Avanti Centrae is the author of the VanOps thriller series. You can find out more about her on her website: www.avanticentrae.com, or by clicking here, read her last post here, and see her books here.
Have you ever wondered what it would be like to know what’s going to happen? Whether your love interest will call, if you’ll get that raise, or —- what the United States would do after you invade one of Taiwan’s outlying islands?
After penning the first two books in the VanOps series, The Lost Power and Solstice Shadows, I wanted to tell a different tale, one that looked at the ability to tell the future from a military standpoint. I also wanted to delve into the history of VanOps, which is not your typical black ops organization. It was created to be a deeper shade of black, to rise like a phoenix from the ashes of the CIA’s failed parapsychology missions from the 70’s, back when ‘the company’ was trying to weaponize out-of-body experiences to compete against the Russians.
Additionally, I wanted that story to also probe the origin of the deep-seated conflict between Maddy Marshall and her twin brother, Will Argones. A newly minted VanOps officer, Marshall is a tall, emerald-eyed truth seeker with special arts abilities. Her long-legged brother is a skeptic, an engineer by training, and uses his cynical nature to poke holes in black ops mission planning. Before this novel, all we knew was that the six-year-old twins were emotionally wounded when their mom died in an icy accident. I wanted to rip off that scab by delving into their mother’s backstory. Was Mom’s death really an accident?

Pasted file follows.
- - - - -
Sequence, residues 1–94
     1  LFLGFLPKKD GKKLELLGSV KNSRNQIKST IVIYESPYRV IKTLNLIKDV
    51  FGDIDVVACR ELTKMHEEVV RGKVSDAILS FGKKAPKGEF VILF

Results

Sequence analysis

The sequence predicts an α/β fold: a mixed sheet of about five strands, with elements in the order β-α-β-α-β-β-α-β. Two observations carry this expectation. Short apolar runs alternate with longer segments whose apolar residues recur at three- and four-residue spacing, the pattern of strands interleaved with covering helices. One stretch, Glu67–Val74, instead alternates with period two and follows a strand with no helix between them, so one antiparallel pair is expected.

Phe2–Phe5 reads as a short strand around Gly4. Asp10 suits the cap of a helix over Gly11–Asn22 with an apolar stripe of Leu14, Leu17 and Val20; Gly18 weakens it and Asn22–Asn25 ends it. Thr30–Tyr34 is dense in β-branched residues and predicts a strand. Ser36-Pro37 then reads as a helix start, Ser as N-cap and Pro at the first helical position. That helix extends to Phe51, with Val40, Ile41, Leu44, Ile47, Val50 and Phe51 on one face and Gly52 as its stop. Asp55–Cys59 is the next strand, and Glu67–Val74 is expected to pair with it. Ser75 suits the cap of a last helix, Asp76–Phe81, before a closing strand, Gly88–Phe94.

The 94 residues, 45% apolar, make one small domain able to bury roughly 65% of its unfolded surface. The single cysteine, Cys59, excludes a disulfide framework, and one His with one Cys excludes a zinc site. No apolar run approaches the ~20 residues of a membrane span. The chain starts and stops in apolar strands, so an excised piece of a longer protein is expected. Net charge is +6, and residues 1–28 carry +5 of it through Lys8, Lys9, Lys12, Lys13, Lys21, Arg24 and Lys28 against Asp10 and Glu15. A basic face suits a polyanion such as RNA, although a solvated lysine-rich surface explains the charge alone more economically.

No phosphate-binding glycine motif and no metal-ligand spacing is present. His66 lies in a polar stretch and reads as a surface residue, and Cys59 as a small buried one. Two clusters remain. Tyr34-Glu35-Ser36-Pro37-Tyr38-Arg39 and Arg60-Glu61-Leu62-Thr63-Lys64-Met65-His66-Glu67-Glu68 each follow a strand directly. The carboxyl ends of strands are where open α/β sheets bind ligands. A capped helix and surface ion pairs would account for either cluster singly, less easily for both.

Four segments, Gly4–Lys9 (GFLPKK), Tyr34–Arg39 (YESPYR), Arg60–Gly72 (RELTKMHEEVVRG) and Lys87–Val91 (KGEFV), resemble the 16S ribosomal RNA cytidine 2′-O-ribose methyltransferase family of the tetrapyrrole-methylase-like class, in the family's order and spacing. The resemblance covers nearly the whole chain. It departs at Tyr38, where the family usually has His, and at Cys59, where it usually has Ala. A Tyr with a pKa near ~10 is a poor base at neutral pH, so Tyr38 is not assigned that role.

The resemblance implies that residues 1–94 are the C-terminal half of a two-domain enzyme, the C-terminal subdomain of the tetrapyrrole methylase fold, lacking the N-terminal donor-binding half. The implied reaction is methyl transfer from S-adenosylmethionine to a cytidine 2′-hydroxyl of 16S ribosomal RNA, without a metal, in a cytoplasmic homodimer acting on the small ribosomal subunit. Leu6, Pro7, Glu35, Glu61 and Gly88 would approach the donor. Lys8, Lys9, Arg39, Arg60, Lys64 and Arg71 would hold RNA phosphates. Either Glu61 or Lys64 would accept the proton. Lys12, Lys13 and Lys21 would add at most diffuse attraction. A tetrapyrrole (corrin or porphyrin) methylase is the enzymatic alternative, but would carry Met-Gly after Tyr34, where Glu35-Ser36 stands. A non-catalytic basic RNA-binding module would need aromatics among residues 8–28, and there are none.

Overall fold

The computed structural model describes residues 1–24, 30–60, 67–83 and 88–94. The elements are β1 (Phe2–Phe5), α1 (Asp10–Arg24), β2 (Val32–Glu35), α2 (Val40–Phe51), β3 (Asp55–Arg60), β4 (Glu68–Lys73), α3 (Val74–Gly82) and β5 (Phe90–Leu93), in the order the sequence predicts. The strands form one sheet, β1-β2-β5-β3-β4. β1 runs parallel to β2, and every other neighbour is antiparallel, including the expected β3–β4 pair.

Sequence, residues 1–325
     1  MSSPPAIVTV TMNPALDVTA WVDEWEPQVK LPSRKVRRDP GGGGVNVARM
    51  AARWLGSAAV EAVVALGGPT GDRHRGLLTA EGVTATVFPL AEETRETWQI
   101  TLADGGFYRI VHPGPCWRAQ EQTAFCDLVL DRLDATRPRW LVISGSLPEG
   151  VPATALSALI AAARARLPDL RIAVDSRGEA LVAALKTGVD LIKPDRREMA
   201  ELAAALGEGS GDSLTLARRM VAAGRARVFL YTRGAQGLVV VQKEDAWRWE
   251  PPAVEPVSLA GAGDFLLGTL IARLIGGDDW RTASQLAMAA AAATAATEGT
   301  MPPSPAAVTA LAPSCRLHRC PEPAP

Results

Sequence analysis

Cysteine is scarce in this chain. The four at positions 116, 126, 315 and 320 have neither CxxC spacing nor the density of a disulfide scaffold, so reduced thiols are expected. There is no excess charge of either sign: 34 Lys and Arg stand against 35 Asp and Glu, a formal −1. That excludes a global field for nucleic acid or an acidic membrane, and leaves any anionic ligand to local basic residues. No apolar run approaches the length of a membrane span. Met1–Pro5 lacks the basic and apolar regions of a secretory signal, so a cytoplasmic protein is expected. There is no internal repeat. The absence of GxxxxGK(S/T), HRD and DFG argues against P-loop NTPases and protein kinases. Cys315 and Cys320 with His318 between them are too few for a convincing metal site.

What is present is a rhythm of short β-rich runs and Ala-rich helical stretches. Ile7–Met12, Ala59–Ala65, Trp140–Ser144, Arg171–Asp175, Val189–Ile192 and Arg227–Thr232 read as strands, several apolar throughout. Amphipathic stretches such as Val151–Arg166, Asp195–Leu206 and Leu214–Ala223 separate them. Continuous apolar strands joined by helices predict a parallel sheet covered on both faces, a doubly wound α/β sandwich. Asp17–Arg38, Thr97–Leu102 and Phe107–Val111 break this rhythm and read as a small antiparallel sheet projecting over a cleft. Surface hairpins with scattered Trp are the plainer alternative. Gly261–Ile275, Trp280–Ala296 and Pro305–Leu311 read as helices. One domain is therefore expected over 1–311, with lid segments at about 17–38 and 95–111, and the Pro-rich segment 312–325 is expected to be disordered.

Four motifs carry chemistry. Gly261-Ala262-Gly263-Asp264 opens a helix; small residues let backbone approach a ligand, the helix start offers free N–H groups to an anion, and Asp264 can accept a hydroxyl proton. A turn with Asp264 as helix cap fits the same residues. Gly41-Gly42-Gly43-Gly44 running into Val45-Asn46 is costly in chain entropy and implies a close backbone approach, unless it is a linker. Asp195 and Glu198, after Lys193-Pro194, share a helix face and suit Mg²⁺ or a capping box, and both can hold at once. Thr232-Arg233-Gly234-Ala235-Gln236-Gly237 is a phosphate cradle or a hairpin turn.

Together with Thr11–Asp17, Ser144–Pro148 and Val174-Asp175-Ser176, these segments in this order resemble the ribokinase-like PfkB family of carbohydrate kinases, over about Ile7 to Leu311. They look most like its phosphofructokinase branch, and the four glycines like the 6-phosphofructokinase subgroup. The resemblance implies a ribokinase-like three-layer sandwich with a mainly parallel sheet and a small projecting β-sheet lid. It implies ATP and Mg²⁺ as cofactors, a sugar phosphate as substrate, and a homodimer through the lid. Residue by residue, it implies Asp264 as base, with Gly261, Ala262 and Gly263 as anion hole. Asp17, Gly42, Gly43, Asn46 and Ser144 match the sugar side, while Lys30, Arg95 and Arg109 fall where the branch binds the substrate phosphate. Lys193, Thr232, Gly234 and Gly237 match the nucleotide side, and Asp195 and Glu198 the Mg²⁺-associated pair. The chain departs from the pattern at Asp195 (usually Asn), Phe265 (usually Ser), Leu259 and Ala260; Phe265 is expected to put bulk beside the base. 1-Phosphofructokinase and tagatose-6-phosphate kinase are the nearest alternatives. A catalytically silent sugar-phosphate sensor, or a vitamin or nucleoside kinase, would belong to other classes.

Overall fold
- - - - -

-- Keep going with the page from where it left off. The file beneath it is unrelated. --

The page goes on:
Those ideas were bouncing around in my head like pinballs when I hit upon the jackpot idea of using Nostradamus to pull it all together.
I usually spend months researching before I begin to write a novel. I knew Nostradamus was famous for his predictions, but I had no further knowledge about him. Pouring over biographies, my jaw dropped. This man, back in the sixteenth century, predicted the death of Henry II, the Great Fire of London, Napoleon’s conquest, the discoveries of Louis Pasteur, Hitler’s rule, and Charles de Gaulle’s reign. Those are just a few prophesies that were called out as “shockingly accurate” in a Business Insider article from 2014. Tying into my nascent ideas about plot, he truly did devise a method of hiding his meanings by using word games like anagrams, and a mix of other languages, such as Italian, Greek, Latin, and Provençal. And I learned the seer had a mysterious walnut box that he passed on to his daughter. No one knew what was inside. You can probably guess how the ancient mysteries side of the plot came together from there.
Besides all that background about Nostradamus, I had a great time weaving other facts into the tapestry of this story. The current-day threat in The Doomsday Medallion follows a fictional Chinese tanks-on-the-beach invasion of several contested islands between the mainland and Taiwan, so the novel includes a little factual background around the Chinese Civil War and the ripped-from-the-headlines Chinese fighter jet flyovers that have been happening frequently in the South China Sea.